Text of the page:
I've recently discovered the NRCS soil survey website (http://websoilsurvey.nrcs.usda.gov/app/HomePage.htm) and have spent a lot of time on it. See, I can tell you what type of soil is where in my fields, but I couldn't tell you names, drainage characteristics, what land class it was, etc. I've been studying, and I wonder more and more if maybe I'm the limiting factor on some of my fields.
See, I get a notion in my head that such-and-such field might have some problems, so I'll cut a little on fertilizer or water too much. Maybe I'll put a corn variety there that is better for a silty loam soil, when I actually need something for a sandy loam. I'm also guilty of managing a 35 acre patch based on the 4 or 5 acre alkali patch in the middle of it.
Interestingly enough, one of the fields that I think of as one of the best we farm is actually not considered prime farmland. I always thought it was, though, so I treated it like it was top shelf soil, and really, it produces right near the top.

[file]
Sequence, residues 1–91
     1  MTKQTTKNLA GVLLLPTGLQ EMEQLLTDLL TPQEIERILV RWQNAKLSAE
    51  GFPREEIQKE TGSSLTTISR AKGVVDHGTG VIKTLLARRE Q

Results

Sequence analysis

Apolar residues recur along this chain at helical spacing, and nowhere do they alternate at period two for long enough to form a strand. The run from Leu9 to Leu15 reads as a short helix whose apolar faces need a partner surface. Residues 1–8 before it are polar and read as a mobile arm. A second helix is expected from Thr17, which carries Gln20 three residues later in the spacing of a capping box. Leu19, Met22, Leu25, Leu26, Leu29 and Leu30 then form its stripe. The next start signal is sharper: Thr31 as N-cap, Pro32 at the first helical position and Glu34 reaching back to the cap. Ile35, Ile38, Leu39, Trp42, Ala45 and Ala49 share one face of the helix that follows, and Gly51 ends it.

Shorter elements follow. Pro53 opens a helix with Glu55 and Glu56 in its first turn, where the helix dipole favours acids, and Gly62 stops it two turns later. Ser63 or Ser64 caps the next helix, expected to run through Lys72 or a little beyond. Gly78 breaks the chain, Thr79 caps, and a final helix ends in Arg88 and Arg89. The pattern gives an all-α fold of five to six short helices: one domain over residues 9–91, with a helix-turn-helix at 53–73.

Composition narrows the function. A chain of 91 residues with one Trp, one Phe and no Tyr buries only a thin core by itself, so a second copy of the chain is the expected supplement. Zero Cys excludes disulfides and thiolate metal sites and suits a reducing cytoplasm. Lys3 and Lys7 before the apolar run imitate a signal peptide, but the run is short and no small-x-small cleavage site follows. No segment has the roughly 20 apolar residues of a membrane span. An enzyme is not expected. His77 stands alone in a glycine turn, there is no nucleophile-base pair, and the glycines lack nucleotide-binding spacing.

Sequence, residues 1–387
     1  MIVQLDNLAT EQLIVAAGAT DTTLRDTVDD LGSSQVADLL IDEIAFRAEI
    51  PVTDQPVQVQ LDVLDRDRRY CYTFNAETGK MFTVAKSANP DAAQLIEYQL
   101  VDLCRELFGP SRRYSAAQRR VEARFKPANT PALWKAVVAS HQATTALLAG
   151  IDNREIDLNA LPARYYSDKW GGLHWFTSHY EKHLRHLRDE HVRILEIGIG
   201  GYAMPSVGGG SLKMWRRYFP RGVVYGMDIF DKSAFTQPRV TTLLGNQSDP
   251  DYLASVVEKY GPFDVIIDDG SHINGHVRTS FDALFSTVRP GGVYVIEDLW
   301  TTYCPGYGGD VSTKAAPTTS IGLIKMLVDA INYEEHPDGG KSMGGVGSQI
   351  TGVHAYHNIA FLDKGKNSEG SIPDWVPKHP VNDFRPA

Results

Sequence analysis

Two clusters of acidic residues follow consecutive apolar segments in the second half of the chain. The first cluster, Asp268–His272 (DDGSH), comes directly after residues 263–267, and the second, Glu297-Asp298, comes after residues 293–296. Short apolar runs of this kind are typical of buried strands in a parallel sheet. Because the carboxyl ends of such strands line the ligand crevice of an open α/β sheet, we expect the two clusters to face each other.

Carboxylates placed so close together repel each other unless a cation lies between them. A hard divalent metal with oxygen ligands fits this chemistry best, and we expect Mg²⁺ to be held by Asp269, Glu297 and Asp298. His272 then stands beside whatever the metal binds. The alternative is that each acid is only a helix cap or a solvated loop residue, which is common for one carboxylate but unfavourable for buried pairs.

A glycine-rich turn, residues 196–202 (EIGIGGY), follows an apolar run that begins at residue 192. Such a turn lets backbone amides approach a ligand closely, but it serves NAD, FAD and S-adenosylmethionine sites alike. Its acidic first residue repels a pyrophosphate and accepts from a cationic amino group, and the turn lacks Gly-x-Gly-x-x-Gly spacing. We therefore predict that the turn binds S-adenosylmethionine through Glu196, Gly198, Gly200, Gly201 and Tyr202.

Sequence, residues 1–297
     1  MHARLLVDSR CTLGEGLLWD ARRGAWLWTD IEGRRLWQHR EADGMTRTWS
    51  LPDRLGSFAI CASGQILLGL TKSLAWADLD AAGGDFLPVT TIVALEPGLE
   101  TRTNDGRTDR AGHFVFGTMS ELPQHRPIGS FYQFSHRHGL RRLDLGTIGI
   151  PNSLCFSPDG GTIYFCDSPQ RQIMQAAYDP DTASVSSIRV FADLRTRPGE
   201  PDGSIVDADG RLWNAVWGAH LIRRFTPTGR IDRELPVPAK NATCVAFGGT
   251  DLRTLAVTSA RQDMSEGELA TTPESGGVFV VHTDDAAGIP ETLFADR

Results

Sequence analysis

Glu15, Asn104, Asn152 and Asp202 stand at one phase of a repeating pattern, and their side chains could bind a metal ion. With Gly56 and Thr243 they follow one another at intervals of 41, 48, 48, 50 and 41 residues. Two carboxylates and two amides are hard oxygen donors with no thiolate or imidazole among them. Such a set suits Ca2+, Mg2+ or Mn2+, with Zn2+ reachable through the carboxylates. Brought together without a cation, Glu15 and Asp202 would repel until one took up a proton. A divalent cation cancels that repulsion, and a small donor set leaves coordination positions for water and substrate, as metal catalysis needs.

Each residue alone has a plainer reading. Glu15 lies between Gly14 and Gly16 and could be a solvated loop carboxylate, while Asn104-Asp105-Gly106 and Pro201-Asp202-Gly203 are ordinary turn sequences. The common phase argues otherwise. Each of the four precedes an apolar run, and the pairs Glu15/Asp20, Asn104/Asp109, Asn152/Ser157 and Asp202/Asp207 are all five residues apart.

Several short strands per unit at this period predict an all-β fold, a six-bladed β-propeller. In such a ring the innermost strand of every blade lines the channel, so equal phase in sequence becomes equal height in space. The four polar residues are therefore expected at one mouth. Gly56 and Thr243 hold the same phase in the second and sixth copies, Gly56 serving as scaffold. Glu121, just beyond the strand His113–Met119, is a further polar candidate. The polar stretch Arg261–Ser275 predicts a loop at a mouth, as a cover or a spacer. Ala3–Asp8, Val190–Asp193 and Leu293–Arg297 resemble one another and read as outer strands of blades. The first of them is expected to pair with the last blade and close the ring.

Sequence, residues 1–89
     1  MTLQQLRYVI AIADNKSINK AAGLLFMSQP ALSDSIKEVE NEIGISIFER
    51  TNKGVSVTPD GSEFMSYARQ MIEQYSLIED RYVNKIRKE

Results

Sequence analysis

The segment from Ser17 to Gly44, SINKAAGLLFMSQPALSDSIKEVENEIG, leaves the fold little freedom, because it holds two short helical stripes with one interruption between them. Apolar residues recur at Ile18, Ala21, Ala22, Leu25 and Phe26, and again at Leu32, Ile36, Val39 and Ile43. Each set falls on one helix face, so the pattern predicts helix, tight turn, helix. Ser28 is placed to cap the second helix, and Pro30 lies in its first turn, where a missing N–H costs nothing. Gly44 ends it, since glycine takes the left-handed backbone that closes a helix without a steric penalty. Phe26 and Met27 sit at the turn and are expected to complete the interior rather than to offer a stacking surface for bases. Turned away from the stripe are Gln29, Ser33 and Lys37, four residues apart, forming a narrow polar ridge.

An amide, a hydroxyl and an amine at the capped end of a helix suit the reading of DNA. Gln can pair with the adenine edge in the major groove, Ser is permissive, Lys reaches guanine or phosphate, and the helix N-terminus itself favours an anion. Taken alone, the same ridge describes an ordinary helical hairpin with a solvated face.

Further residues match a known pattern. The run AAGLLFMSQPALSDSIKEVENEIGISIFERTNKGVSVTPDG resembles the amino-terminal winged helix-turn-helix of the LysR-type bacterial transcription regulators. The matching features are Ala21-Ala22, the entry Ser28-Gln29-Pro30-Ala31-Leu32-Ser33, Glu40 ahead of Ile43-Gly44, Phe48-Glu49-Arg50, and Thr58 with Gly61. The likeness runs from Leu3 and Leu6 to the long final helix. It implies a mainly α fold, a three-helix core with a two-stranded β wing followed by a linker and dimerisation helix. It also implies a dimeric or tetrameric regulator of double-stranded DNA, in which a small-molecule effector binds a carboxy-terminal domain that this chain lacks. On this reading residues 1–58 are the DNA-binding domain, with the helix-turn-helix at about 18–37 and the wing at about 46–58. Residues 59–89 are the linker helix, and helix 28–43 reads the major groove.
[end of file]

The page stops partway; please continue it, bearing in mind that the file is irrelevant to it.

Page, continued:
Do you see why I'm thinking I'm the limiting factor? Yes, that alkali spot is a pain in the ass, but the rest of the ground around it is capable of 200+ bushel corn, so what the heck am I doing managing 35 acres based on 10-15% of the field?
I took a lot of soils classes in college, but none of it really started making sense until now. I wish I could find those books and go back through them, but apparently they are gone forever.
Going through the soil maps also reassures me quite a bit. When Mom and Dad bought the farm I live on, there were some skeptics. A guy that I like pretty well told me (in the bar after many beers) that he was scared I would go broke. I bought into that hype some, as it's sandy in spots and wet in others. Looking at the soil map, the half of the farm we bought is considered prime farmland. After seeing the beans it raised this fall, I believe it. I had a test plot on some of it, and the winner of the plot went 89bu/acre, with 7 of the 12 varieties going 80+ bushels/acre.
The key to good yields here? Drainage. As long as we can keep excessive water off of our fields, we have a good shot at high yields. This is critical during planting and emergence. Half of the battle, in my mind, is getting it out of the ground in a timely fashion.
So, soils. Check 'em out.